CS4670/5670 - Computer Vision

Picture credit: xkcd

About this course

Humans are extremely good at perceiving the world from visual input alone. This comes so easily to us that we underestimate how difficult perception it is, and how hard it is for machines, as the webcomic above illustrates.
Computer vision is a subfield of AI focussed on getting machines to see as humans do, and has been around for almost half a century. This course will cover the basics of computer vision: the underlying mechanics of images, the core problems that the field focuses on, and the array of tools and techniques that have been developed. The emphasis will be on covering the fundamentals which underly both computer vision research and applications. A tentative list of topics is below:
  • Geometry / Physics of image formation
  • Properties of images and basic image processing
  • 3D reconstruction
  • Grouping (of image pixels into objects)
  • Machine learning in computer vision: basics, hand-designed feature vectors, convolutional networks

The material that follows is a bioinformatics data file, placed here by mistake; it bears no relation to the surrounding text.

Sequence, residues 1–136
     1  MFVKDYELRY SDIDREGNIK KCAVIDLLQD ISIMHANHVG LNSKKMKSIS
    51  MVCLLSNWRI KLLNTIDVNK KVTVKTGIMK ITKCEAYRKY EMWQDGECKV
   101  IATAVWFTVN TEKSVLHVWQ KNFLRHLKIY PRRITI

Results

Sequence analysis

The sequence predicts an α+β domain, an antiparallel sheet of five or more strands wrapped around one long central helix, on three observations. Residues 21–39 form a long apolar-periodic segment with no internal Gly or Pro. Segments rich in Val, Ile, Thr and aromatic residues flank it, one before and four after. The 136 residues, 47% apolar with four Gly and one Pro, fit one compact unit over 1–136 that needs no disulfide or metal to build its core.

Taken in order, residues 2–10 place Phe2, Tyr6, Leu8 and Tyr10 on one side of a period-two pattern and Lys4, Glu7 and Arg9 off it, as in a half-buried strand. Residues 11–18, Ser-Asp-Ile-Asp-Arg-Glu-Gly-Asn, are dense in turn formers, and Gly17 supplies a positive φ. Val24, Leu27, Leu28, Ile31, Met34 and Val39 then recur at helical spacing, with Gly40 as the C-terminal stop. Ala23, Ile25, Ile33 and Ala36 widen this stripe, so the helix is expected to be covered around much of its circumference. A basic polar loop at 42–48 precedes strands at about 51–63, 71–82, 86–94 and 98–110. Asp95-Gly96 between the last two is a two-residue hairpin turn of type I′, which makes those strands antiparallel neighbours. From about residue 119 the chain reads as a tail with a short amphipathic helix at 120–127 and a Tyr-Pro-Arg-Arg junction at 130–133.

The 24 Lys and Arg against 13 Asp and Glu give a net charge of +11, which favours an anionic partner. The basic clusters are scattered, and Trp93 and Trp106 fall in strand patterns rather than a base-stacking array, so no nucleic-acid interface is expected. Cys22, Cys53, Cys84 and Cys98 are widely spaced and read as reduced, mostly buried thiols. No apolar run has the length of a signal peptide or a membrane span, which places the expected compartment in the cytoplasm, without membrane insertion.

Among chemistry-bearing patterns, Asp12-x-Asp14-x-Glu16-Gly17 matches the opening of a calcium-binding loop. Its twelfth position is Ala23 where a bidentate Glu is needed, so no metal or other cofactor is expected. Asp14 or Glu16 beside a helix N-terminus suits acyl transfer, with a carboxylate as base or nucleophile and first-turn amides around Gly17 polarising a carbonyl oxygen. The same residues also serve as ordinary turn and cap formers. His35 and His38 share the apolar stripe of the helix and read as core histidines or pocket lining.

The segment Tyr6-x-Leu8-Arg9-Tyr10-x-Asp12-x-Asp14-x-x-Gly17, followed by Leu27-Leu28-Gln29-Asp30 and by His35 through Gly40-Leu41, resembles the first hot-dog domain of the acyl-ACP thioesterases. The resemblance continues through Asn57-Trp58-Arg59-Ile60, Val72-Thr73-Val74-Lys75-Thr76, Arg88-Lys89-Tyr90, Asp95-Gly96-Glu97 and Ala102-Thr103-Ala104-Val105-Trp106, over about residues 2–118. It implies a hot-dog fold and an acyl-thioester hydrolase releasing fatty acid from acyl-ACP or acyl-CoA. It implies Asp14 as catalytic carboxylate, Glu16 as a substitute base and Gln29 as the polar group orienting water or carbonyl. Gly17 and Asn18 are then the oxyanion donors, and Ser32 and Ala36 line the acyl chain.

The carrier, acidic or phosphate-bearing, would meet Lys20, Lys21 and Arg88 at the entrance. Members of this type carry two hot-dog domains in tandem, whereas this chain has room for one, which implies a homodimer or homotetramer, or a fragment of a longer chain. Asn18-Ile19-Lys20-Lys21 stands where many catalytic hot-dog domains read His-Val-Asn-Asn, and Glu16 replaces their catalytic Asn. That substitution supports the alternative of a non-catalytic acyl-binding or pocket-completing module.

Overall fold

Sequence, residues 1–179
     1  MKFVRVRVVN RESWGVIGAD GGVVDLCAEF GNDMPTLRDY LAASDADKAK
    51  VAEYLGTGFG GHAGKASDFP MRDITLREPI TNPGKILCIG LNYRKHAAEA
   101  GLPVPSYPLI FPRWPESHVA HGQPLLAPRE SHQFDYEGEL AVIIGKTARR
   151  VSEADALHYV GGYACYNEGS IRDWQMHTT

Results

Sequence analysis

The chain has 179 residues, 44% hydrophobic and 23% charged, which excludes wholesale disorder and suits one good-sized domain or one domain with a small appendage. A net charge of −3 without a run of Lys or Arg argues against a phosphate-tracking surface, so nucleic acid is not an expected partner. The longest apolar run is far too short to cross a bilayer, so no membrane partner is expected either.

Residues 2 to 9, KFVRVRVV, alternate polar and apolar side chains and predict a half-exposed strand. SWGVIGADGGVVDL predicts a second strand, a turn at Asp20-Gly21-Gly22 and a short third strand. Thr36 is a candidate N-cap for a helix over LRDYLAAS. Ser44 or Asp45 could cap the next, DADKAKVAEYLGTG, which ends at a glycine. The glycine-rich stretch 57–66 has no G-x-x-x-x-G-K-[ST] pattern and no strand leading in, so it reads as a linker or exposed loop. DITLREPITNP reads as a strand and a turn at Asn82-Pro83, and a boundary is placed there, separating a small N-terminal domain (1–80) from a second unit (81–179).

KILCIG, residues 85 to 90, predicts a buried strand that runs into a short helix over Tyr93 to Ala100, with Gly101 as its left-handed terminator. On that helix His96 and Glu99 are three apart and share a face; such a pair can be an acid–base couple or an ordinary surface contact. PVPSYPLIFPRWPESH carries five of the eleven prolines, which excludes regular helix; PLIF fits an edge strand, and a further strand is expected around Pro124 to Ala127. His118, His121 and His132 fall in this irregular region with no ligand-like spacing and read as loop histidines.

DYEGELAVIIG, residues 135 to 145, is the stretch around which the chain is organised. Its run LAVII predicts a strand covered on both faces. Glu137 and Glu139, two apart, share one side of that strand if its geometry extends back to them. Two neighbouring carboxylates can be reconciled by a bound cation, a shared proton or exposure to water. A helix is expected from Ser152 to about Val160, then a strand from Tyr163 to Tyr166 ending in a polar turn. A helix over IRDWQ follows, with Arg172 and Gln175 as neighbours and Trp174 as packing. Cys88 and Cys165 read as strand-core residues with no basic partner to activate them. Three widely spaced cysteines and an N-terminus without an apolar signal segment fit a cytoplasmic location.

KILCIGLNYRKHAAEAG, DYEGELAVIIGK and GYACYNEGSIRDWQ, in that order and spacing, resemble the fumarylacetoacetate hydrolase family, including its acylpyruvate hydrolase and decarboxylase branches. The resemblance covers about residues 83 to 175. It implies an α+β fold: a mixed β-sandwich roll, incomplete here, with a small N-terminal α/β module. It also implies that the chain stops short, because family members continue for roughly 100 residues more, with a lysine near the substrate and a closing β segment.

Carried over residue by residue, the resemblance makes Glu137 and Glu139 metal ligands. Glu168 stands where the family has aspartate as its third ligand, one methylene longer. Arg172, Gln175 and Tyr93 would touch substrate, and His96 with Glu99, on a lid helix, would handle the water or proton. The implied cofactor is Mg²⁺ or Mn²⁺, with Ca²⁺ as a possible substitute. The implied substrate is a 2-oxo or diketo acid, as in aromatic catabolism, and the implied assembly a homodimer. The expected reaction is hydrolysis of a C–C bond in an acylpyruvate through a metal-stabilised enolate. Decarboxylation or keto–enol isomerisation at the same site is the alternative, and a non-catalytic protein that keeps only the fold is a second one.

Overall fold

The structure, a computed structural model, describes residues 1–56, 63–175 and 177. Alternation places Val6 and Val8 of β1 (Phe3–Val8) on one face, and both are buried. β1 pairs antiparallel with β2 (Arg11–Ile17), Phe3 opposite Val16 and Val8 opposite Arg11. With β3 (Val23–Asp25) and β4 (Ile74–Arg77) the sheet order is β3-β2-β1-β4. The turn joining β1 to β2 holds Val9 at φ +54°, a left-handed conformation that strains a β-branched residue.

• Detecting and localizing objects
A detailed but tentative list of learning outcomes can be found below. This course is intended for undergraduate students and MEng. students. Knowledge of basic probability and linear algebra will be useful.

Quick info

Instructor: Bharath Hariharan
Lecture time: MWF 1:25pm - 2:15pm
Lecture venue: Hollister B14 Ives 305
  • Rohit Bandaru
  • Dhruv Baijal
  • Paul deVito
  • Eashan Garg
  • Shantanu Gore
  • Eashaan Kumar
  • Yuntian Lan
  • Laura Lin
  • Suzie Petryk
  • Nehal Rawat
  • Zikai Wen
Office Hours:

Learning outcomes Calendar and lecture notes Resources Grading policy